October 22, 2020

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Lawmakers recommend COVID relief for snowmobile associations; school funding gap still looms

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A legislative committee recommended that Gov. Chris Sununu allocate $154,000 to the New Hampshire Snowmobile...

A legislative committee recommended that Gov. Chris Sununu allocate $154,000 to the New Hampshire Snowmobile Association to help recover lost fundraising Tuesday – part of the $1.25 billion in federal coronavirus aid given to New Hampshire earlier this year.

But the committee has not yet tackled some of the biggest spending issues that continue to loom as the pandemic creeps into fall. At its monthly meeting Tuesday, members opted for an additional meeting Oct. 6 to hear from schools concerned about a reversal by the Federal Emergency Management Agency’s on school assistance this month.

Now, with priorities piling up, some lawmakers have expressed concerns that the state could have difficulty disbursing the rest of the money by Dec. 31 – the deadline before anything unspent is taken back by Washington.

“There are still a number of areas that we haven’t made any decisions about, the hospitals being one of them,” said Rep. Mary Jane Wallner, a Concord Democrat.

So far, New Hampshire’s Governor’s Office for Emergency Relief and Recovery (GOFERR) has allocated about $1 billion of the $1.25 billion, according to Taylor Caswell, the commissioner of the Department of Business and Economic Affairs. That money can be spent by the executive branch without formal legislative input, but the Legislative Advisory Board, staffed by top House and Senate lawmakers, makes recommendations to GOFERR on a monthly basis.

That monthly meeting basis means the committee only has a handful of new opportunities to continue making spending recommendations, Wallner said. She urged for the body to set up more meetings to handle the load.

“I know how long it has taken once we have made a decision to allocate funds to a certain area,” Wallner added. “I know it has taken several weeks then to get the providers of those services in contract and to get the money out to them.”

On Tuesday, the committee voted, 6-2, to support the Snowmobile Association, which said that the restrictions under COVID-19 had interfered with the fundraising events that help it maintain tracks and trails.

Rep. Erin Henessey, a Littleton Republican, pointed to testimony from the Association at a prior meeting that a majority of the state’s 101 snowmobile clubs had applied for relief money from the New Hampshire General Assistance and Preservation Fund – set up to help for-profit and nonprofit businesses – and been denied.

“My hope is we can give initial funding done to get the grooming done,” she said Tuesday.

But the committee put off a decision to recommend additional assistance to schools. In early September, FEMA notified schools that it would not be helping them pay for personal protective equipment and other COVID-19 expenses, reversing months of earlier indications that it would do so. Some schools have expressed concerns that their budgets took into account that assistance, and that they aren’t receiving the funds.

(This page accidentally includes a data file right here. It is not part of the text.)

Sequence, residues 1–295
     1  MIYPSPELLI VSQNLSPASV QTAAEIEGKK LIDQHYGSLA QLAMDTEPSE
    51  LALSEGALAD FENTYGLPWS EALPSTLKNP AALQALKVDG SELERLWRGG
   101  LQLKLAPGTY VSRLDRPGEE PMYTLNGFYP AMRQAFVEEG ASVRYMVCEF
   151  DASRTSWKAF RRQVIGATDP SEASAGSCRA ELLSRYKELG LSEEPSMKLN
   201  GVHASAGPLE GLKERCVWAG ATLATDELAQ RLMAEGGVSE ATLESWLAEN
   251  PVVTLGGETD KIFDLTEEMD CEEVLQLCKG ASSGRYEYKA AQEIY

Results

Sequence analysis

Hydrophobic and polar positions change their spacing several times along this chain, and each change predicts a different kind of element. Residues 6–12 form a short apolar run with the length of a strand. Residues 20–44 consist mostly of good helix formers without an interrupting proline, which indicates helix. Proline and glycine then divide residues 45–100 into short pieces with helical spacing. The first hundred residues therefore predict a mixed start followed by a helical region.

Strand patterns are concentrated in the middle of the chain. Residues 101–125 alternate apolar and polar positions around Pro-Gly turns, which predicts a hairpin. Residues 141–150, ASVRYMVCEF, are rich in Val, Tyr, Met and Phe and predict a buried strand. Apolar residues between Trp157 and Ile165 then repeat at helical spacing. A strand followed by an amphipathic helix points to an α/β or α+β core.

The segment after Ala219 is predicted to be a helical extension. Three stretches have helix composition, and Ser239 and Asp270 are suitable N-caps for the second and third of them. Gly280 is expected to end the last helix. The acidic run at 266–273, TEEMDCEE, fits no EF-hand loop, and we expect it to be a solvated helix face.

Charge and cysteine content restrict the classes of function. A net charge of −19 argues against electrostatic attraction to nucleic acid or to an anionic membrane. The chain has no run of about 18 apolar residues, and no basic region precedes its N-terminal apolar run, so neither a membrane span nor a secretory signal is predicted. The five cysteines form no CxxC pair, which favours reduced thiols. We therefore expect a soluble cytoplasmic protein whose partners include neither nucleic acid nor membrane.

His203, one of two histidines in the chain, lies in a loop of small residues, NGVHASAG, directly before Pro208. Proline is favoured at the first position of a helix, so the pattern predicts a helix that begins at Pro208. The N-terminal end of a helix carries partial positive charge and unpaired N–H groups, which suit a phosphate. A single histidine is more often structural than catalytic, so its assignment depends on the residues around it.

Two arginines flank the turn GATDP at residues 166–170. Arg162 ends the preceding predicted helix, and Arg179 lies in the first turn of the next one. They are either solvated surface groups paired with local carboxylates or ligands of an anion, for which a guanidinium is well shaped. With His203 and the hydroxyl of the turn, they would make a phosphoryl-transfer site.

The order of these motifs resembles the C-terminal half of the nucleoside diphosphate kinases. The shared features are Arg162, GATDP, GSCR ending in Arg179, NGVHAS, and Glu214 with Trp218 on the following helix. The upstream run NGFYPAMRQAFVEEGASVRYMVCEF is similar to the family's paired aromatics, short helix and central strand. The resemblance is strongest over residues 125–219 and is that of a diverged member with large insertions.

Senate Minority Leader Chuck Morse, a Salem Republican, agreed with other participants that he had heard concerns from Salem School District about the budget impacts.

“When they went through budget process, they were using what they expected from FEMA. …They made a new budget, they directed money back to the taxpayers, and they basically were spending. They have told me they have a shortfall and are going to ahve to back to rearrange the deck.”

The committee decided not to move forward on a vote on a proposal by Manchester Democratic Sen. Lou D’Allesandro to use unspent federal dollars for broadband expansion to help schools plug the holes.

“The one fund that seems to be available is the $50 million that was set aside,” D’Allesandro said.

Morse countered that more should be done to pressure FEMA to continue providing the assistance before state funds are allocated.

The board will instead hear from schools at its meeting Oct. 6.

D’Allesandro and Morse also raised concern about the financial situation of a Canaan health care provider: the Mascoma Community Health Center. That facility, which provides COVID-19 testing, dental care, pediatrics, primary care and women’s health services to low-income residents, has been struggling ever since its application for pandemic assistance was mostly denied earlier this year.

The facility asked for around $200,000, and received just $6,500, House Speaker Steve Shurtleff, a Pencaook Democrat, said on the call. Without additional aid, the facility has told lawmakers it would need to close its doors on Nov. 1, Shurtleff said.

The committee moved to allow D’Allesandro and Morse to work on their own to find a financial solution for the facility.

D’Allesandro and other members of the committee also pressed the new executive director of GOFERR, Caswell, to provide detailed information on how much money has gone out to applicants and how much remain. That, said D’Allesandro, is a necessary factor as the advisory board continues to make spending decision.

“That’s a key ingredient as Dec. 30 is coming a lot faster than we realize,” D’Allesandro said. “Days pass very, very quickly.”

(Ethan DeWitt can be reached at 369-3307, [email protected], or on Twitter at @edewittNH.)

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